Review: DC’s Harley Quinn Romances

by Kelly Gaines
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Review: DC’s Harley Quinn Romances

[Editor’s Note: This review may contain spoilers]

Writers: Alexis Quasarano, Zipporah Smith, Amanda Deibert, Frank Allen, Raphael Draccon, Carolina Munhoz, Greg Lockard, Jessica Berbey, Ivan Cohen


Colorists: SEE GRAPHIC

Letterers: SEE GRAPHIC

Reviewed by: Kelly Gaines


DC is celebrating valentine’s season with eight stories of love, loss, romance, and dating mishaps featuring everyone’s favorite romance guru, Harley Quinn, and a cast of other quirky heroes and villains. Though Harley is not the main character in every story, they each evoke her tell-tale sparkle of ridiculousness and whimsy, making this a fun read for anyone who has wondered what Batman does on Valentine’s Day, how a superhero dating app would work, or what kind of fan-fiction Harley would write about Poison Ivy.

The anthology kicks off with Harley’s own Valentine’s Day adventure (Stranger than Fanfiction), in which Harley attempts to give Ivy a thoughtfully written gift at an arguably inopportune time, followed by Here’s to Jack, Here’s to Molly, in which Batman’s V-Day patrol puts him in the crosshairs of a couple’s engagement and a less-than-competent villain. The stories that follow engage characters from all across the DC Universe, including Power Girl and Jimmy Olsen (Power Girl and All-American-Boy), John Constantine and Deadman (Grace), Fire and Ice (Fire and Ice in Dating App Disaster), Apollo and Midnighter (Across the Multiverse), Kite Man (Once Upon a Romance Novel), and Vixen, Poison Ivy, Zatanna, Harley, Barda, and Aquaman in Splendor in the Foam. The tone ranges from silly to heartwarming, successfully addressing the whole buffet of emotions that come with this loved and dreaded holiday.


The anthology is bright, vibrant, beautifully illustrated, and a lot of fun to consider. The variety of characters lends some much-needed page time to heroes we don’t see too often, like Fire and Ice, while capturing the fan-beloved vibe of HBO Max’s Harley Quinn in stories like Once Upon a Romance Novel. The collection feels close to a “What If” series – what if Batman was invited to a stranger’s wedding? What if Harley Quinn wrote a YA story about her relationship with Ivy? What if John Constantine set Deadman up on a blind date? What if a collection of DC’s most eligible ladies compared Aquaman experiences over a Galentine’s Day brunch?  Our heroes live in a state of constant crisis and adversity, which makes stories like these a nice change of pace- a satisfying taste of normalcy amidst wall-to-wall world-ending threats. It’s certainly a relief to see that superheroes (and villains) are just like us when it comes to dating. They have nosy family members that try to set them up with co-workers, dating app dates that make them want to throw their phone (or the whole internet) in the trash, and they feel lonely and isolated on solo valentine’s days.  The subject matter casts a wide net, pretty much guaranteeing that whatever you’re going through this February, there’s a super-someone who knows just how you feel.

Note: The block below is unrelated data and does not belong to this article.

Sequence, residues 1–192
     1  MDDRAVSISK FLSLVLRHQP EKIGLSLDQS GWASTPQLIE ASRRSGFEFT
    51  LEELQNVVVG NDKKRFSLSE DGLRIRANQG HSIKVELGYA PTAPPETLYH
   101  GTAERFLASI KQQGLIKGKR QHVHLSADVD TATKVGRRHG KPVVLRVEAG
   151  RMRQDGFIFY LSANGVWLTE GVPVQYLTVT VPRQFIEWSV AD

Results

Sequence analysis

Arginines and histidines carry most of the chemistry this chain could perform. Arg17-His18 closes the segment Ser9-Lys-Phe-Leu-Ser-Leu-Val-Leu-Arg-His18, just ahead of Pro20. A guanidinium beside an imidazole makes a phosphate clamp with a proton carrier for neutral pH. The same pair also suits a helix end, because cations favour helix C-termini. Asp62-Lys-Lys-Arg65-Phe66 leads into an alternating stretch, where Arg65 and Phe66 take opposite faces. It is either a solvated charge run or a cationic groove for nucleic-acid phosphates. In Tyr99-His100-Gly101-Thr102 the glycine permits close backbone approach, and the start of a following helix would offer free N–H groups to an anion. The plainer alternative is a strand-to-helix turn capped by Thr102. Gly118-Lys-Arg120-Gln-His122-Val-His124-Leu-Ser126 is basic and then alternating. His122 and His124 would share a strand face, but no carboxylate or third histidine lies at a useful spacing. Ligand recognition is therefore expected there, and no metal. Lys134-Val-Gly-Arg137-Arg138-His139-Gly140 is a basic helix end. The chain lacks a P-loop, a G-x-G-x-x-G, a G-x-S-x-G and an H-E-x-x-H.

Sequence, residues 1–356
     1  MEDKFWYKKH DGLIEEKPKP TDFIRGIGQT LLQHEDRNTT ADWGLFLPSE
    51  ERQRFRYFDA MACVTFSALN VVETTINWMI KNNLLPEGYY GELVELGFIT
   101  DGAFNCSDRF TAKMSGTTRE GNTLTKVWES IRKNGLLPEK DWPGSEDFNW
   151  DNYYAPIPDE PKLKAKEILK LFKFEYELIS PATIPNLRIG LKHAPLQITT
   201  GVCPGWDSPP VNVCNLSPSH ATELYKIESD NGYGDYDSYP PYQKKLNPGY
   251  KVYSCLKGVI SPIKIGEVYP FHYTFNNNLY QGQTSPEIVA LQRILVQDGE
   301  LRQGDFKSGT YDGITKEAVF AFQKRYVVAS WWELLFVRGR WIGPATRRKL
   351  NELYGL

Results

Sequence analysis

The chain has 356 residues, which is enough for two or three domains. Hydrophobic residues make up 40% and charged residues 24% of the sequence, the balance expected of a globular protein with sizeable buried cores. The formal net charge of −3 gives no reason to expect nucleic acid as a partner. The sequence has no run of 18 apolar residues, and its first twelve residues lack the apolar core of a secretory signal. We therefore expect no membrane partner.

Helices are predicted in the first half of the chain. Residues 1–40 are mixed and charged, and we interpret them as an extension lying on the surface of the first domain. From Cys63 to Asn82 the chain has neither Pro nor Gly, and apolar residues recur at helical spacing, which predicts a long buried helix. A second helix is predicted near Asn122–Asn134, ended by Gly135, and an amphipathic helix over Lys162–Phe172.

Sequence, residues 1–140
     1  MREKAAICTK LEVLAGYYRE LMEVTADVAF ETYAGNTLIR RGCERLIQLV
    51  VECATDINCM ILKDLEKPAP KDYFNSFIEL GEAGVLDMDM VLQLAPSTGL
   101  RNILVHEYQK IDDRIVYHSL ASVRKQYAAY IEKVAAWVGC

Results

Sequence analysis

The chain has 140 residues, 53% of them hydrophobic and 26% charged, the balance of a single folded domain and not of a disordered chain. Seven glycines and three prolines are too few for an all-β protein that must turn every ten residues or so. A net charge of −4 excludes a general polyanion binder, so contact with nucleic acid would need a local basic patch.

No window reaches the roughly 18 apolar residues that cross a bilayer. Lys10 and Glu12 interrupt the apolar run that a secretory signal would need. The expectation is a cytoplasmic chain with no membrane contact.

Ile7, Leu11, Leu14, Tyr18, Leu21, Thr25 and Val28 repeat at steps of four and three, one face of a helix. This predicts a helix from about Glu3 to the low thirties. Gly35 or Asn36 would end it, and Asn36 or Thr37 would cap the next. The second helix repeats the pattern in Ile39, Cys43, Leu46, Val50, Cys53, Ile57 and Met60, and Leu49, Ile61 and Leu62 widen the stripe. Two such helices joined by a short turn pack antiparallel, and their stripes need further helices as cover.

As fun as the story concepts are, some of the execution left me scratching my head. Stories like Power Girl and the All-American-Boy seem fun at the outset but come to quick and ultimately predictable endings. I also questioned the logic behind the concept of a dating app that holds all of the registered heroes’ location information in an easily hackable site. Sure, the characters address this potential security risk too, but it’s a bit of a leap to say they would’ve been foolish enough to engage with the app in the first place. It’s safe to say that any holiday anthology (especially one featuring Harley Quinn) should be taken with a BIG grain of suspended disbelief. They’re meant to be fun, not a deep dive into canon character traits and established lore. Even so, there were moments I felt the stories needed a bit more to make the conclusions satisfying.  Anthology shorts don’t give creators a ton of space to work with, so it’s not unfathomable that some stories would feel a little too quick, but I definitely had moments of “Oh, that’s it?” a tad too often while reading.


DC’s Harley Quinn Romances is a pleasant read for fans of Harley Quinn, and any DC fan looking for a low-pressure imaginative ride through the love lives of our favorite characters. I would recommend this book to anyone who appreciates a wide range of art styles and zany concepts. Some of the follow-throughs could be improved, but all in all, I think Harley herself would get a kick out of these stories.


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